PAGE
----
In 2010, Young was chosen as one of CR’s graduates to watch and since then he has been working away as a book cover designer for Penguin and an animator. His latest project was to produce the covers for a new set of five editions of GK Chesteron’s Father Brown crime novels.
Young says that initially the design approach had two potentially routes: one was to incorporate Magritte paintings into the workl, while the other was a more graphic approach with “a healthy dose of inspiration from Romek Marber’s iconic covers for Penguin in the 1960s”.
“Chesterton’s Father Brown stories have always, in my opinion, been packaged somewhat unfairly,” says Young. “There’s always so much emphasis on the fact that he’s a priest, it’s all dog-collars and bibles – and it makes the books look very old-fashioned, safe, twee, and a bit boring, when in fact they’re full of wit and suspense and character.
“And yes he’s a priest, and yes that’s why he makes such an unlikely (but brilliant) detective, but there’s so much more to these stories that often doesn’t get represented.”
Two Father Brown covers design by Romek Marber
When Young researched the series, he says that two particularly covers jumped out – The Innocence of Father Brown and The Incredulity of Father Brown (above), both designed by Romek Marber for Penguin in the early 60s.
“They’re the only covers I’ve seen that really suggest some of the mystery and the suspense of these stories,” Young says, “and they do so in such a striking way, with a reduced colour palette and bold symbolic illustrations.”
“There’s a great quote from Marber – talking about designing these books – of how Father Brown ‘gets straight to the nub of the case and always gets his man’. And that’s what we wanted to communicate with these new editions.
“There’s always a fine line when taking inspiration from a classic cover design like this – you want to pay a respectful nod to Penguin’s history, and to Romek’s iconic designs, but as a designer you also want to put your own mark on things, and to re-invent these covers for today’s audience.”
Two of the new covers actually re-work original elements from Marber’s designs. The Innocence of Father Brown features the coiling thread from the original cover and The Wisdom of Father Brown makes use of the Marber figure casting a long shadow.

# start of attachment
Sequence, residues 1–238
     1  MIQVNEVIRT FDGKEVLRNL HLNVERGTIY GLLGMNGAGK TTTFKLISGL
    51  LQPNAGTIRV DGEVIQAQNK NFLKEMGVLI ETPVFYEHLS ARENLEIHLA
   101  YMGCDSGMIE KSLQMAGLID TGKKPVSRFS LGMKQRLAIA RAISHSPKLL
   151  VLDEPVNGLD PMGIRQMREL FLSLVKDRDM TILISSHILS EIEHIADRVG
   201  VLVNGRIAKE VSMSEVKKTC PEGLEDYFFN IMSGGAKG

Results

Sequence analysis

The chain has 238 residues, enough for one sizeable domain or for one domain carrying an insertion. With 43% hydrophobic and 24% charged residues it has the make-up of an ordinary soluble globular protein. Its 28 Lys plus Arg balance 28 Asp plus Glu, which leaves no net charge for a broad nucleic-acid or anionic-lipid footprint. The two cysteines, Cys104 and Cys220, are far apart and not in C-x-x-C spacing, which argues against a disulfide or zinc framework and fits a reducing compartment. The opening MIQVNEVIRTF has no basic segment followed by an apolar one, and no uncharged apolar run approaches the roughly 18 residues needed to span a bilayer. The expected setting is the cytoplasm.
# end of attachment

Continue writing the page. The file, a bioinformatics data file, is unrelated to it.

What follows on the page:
“Taking these two visual elements as my main starting point, I worked all the covers up using the same basic principles,” says Young. “Each cover must only use two colours, feature a figure that represents Father Brown, and use simple, bold, graphic shapes and patterns to symbolise a chase, a journey, a mystery.”
“On each cover Father Brown is deliberately isolated to give the sense that he is an outsider; it’s him against the odds, following an unlikely trail and methodically piecing the clues together. And I didn’t want to dictate exactly what Father Brown looks like – I’d rather this was left open to the reader’s interpretation, so the figures are almost silhouettes, with just enough detail to give him some form, to maybe suggest his build or his shabby robes, but without giving too much away.”
The grid for the typography derives from a by-product of a bigger project to re-design the Penguin Popular Classics, Young explains. “That project never saw the light of day,” he says, “but some small aspects of the designs do live on in these new covers.”
The finished books are each printed in just two colours – one Pantone plus black – on a cream uncoated paper stock. As with the new ‘restored’ edition of A Clockwork Orange, which Barnbrook recently designed, the Chesterton books are in ‘A-format’, the same size as the original Penguin paperbacks.
“Hopefully the books have a certain Penguin charm about them,” Young adds, “whilst also being attractive little objects in their own right.”
Art director: Jim Stoddart. The Father Brown series will be available from Penguin Classics from January 2 next year; £6.99 each. Matthew Young’s book cover work is at mymymy.co.uk.